Archive for February, 2018
If you are new to the idea of dental implants, you may be wondering what all the hype is about. More importantly, you may have several questions that you need answered before you can commit to this life-changing investment. Here are some FAQ that may help:
What are dental implants?
Dental implants are tiny titanium posts that are surgically placed into your jawbone to replace the roots of missing teeth. After the implant heals and fuses to the surrounding bone, a permanent crown restoration is attached to the implant to act as your lifelike replacement tooth. continue reading
When a permanent tooth goes missing, you’ll be left with a visible gap in your smile. This may be an immediate threat to your appearance, but it is certainly not the only drawback of a missing tooth. In fact, missing teeth can cause a host of problems over time, including those within your oral health and overall health.
Shifting Teeth and Hygiene Challenges
Consider your teeth like a tight family. When one tooth goes missing, it impacts the other remaining teeth in significant ways. They may migrate towards the open space or even grow longer (superuption) to fill the void. This can create crooked teeth that sabotage your smile appearance as well as make it more difficult for you to keep them clean. You may find yourself battling decay and gum disease more than you did before the missing tooth. continue reading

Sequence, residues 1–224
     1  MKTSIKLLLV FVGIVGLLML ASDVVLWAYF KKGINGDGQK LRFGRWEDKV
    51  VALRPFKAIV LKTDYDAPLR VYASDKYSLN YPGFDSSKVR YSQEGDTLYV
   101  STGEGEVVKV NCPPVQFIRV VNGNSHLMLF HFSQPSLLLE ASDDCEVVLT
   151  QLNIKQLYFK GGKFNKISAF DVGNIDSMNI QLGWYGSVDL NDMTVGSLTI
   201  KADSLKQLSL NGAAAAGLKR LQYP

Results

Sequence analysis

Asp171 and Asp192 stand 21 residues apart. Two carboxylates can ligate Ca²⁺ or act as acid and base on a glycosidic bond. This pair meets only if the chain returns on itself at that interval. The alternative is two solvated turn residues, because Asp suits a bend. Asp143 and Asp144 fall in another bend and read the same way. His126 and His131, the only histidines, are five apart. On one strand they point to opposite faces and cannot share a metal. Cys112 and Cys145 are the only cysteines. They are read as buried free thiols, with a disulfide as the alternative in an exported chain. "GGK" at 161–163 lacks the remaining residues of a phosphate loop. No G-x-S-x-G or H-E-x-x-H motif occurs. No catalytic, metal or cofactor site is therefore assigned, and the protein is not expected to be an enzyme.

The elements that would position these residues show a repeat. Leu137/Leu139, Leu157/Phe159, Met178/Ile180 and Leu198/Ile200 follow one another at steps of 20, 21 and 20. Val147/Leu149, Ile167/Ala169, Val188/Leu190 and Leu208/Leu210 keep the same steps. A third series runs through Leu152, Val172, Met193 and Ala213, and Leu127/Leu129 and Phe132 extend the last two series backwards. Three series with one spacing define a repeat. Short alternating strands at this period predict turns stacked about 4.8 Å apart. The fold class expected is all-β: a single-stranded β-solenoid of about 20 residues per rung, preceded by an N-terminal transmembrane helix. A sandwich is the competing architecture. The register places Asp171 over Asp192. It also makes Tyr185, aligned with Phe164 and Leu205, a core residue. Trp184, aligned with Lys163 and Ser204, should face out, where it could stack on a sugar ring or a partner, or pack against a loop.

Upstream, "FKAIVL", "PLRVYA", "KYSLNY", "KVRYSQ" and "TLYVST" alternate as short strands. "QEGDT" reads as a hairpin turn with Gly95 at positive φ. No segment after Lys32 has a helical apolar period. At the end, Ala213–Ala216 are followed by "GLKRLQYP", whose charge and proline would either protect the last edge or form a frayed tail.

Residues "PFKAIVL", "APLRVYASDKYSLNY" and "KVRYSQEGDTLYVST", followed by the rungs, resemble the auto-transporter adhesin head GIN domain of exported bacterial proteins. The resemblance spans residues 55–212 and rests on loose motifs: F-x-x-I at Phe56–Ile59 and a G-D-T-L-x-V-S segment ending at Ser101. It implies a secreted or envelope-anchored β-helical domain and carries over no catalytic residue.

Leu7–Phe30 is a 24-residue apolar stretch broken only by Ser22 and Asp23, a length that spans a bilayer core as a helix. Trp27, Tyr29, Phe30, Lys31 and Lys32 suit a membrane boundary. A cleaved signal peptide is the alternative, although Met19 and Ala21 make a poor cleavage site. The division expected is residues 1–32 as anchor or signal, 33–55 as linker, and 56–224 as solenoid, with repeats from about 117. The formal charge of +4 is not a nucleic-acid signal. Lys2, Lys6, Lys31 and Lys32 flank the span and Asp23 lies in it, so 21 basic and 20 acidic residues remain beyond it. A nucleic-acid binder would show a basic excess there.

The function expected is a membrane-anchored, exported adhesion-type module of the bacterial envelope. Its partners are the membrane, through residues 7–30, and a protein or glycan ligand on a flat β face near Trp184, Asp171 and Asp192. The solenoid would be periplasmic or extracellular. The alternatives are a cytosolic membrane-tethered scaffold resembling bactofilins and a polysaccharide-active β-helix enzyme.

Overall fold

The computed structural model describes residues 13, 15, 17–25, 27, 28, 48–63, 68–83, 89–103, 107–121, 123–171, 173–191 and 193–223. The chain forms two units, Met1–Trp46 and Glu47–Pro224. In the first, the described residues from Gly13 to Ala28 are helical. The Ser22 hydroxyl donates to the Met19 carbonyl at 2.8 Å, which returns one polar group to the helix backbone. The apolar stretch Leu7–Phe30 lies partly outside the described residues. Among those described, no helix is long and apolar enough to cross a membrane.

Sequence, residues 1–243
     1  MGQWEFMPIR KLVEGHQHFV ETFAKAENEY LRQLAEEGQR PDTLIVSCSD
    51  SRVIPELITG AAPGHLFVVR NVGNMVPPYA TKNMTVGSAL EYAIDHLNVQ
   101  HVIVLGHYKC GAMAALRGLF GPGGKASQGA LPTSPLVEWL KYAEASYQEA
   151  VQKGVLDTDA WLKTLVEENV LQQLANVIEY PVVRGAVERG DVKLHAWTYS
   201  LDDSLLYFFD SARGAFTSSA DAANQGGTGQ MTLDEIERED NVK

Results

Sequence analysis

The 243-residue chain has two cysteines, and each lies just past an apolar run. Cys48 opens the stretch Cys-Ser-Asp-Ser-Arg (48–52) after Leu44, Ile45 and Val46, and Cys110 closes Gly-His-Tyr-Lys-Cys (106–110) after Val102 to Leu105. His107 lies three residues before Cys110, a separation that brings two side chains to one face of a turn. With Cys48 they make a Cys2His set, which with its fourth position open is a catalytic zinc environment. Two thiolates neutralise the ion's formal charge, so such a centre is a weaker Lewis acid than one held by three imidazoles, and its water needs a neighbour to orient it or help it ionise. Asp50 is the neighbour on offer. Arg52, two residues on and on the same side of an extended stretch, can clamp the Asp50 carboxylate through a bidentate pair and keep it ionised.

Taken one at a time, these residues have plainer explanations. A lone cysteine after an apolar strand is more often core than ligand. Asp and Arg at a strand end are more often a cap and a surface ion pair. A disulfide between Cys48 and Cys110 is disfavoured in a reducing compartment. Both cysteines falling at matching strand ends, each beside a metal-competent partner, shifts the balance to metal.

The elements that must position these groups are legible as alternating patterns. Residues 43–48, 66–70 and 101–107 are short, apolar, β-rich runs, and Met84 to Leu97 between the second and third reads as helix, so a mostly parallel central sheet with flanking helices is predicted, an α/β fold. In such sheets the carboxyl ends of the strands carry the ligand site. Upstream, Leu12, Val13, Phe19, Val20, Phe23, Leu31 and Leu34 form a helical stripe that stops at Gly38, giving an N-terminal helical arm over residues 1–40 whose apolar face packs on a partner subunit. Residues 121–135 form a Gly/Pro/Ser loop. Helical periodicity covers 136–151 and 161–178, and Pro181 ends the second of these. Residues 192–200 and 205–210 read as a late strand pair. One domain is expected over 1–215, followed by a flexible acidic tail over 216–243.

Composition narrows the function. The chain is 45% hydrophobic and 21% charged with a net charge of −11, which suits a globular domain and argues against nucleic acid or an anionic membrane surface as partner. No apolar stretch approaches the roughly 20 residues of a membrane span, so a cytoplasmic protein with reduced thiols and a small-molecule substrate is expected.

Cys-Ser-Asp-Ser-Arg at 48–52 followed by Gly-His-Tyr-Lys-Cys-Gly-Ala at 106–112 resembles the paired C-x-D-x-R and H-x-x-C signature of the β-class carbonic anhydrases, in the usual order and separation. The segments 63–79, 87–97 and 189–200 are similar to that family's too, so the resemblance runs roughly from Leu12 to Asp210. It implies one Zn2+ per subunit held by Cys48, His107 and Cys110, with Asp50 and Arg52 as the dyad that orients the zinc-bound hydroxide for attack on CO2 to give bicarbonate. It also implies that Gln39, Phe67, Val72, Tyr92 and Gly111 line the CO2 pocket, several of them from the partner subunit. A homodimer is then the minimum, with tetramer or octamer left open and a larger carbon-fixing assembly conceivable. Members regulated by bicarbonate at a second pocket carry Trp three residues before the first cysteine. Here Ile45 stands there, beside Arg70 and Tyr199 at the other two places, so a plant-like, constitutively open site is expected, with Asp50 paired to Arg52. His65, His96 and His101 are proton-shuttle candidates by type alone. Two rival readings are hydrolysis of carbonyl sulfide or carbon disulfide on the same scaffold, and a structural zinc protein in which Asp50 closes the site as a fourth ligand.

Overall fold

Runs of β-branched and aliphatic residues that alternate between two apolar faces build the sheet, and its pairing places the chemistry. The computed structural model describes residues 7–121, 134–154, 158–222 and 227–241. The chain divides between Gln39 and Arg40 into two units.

Gum recession occurs when the gums recede or shrink down to expose more of the tooth root. Receding gums can be an aesthetic threat as well as a culprit to tooth sensitivity. While not all gum recession is cause for alarm, if you are getting dental implants, the issue needs to be addressed before your implant surgery.
Dental implants involve a titanium screw or post that is surgically placed within the jaw bone. It is critical that you have healthy bone and surrounding tissues to encourage the implant to form a firm foundation for your crown, bridge or denture that will be placed on top. If gum recession is allowed to remain or progress after an implant is placed, the patient is at risk for a loose or unstable prosthetic tooth. In turn, any healthy teeth that are surrounding the implant may also be subject to dental issues. continue reading